Alberta woman in her 50s dies of rare blood clot linked to AstraZeneca vaccine

·2 min read
Alberta's chief medical officer of health, Dr. Deena Hinshaw, says a woman in her 50s has died of vaccine-induced immune thrombotic thrombocytopenia (VITT). It's Alberta's first death linked to the vaccine. (Leonhard Foeger/Reuters - image credit)
Alberta's chief medical officer of health, Dr. Deena Hinshaw, says a woman in her 50s has died of vaccine-induced immune thrombotic thrombocytopenia (VITT). It's Alberta's first death linked to the vaccine. (Leonhard Foeger/Reuters - image credit)

An Alberta woman in her 50s has died from a rare blood clot condition after receiving the AstraZeneca-Oxford vaccine, says the province's chief medical officer of health.

In a statement Tuesday, Dr. Deena Hinshaw said the woman died of vaccine-induced immune thrombotic thrombocytopenia (VITT). It's Alberta's first death linked to the vaccine.

The woman was not identified to protect the "privacy of the grieving family," Hinshaw said in the statement.

"While any death is tragic, it is important to remember that the risks of dying or suffering other severe outcomes from COVID-19 remain far greater than the risk following AstraZeneca vaccine."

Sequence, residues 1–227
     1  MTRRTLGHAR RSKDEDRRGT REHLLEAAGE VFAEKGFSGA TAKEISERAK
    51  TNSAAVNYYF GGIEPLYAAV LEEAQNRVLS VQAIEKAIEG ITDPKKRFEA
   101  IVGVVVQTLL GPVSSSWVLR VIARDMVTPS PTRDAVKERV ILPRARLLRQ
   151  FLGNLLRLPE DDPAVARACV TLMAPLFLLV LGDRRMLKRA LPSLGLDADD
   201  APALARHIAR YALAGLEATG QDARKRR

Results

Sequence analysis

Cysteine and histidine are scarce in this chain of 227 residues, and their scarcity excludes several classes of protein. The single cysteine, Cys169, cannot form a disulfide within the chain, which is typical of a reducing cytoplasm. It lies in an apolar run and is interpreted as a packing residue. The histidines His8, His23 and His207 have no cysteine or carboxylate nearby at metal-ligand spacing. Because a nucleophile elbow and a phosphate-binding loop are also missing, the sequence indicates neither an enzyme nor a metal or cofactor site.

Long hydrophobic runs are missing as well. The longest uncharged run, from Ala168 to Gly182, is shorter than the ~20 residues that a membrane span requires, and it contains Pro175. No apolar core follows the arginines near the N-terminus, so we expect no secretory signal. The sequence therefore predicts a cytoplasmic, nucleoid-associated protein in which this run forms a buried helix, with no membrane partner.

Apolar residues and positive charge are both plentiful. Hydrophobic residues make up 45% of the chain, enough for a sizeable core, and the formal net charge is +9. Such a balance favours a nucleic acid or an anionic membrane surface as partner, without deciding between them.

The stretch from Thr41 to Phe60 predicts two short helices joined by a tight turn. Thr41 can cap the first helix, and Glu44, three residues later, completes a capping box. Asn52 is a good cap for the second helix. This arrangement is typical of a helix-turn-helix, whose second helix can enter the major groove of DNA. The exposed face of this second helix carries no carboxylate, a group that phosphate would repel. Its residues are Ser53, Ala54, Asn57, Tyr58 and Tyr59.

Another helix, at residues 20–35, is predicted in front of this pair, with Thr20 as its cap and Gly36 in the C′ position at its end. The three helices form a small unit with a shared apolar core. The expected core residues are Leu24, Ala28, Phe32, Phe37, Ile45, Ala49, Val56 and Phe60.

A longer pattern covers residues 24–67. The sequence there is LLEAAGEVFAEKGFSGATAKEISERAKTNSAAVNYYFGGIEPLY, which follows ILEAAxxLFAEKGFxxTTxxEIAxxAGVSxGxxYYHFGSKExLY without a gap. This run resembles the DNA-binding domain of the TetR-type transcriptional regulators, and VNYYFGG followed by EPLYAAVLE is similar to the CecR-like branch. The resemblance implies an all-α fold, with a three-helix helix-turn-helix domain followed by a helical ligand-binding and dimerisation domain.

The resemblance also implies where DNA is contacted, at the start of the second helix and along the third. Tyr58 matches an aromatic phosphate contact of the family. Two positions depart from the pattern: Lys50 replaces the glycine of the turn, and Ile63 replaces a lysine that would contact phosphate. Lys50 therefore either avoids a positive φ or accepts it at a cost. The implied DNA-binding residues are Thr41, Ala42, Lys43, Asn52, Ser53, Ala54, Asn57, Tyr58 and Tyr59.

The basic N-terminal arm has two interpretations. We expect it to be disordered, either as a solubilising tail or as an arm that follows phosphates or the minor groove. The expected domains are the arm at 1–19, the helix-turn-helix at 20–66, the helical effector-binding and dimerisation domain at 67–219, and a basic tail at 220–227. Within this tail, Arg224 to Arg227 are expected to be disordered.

Hinshaw said the woman was only the second confirmed case of VIIT in the province. More than 253,000 doses of AstraZeneca or CoviSHIELD that have been administered in Alberta.

Though extremely rare, VITT differs from a typical blood clot because it can cause cerebral venous sinus thrombosis (CVST), where veins that drain blood from the brain are obstructed and can potentially cause fatal bleeding.

The National Advisory Council on Immunization estimates VITT occurs at a rate of 1 in 100,000 shots. As of Monday, there were seven reported cases of VITT in Canada and just one other death — a 54-year-old woman from Quebec.

Hinshaw said the risk of COVID-19 is far greater than the risk of VITT.

"Albertans 50 to 59 who are diagnosed with COVID-19 are 350 times more likely to die from that infection than to experience VITT after an AstraZeneca vaccine," she said in the statement.

"They are also at least 1,500 times more likely to be hospitalized from COVID-19 than experiencing VITT after getting AstraZeneca."

Health Canada has said the AstraZeneca vaccine meets its strict safety standards, and that it continues to monitor adverse outcomes to ensure the benefits of the vaccine outweigh risks.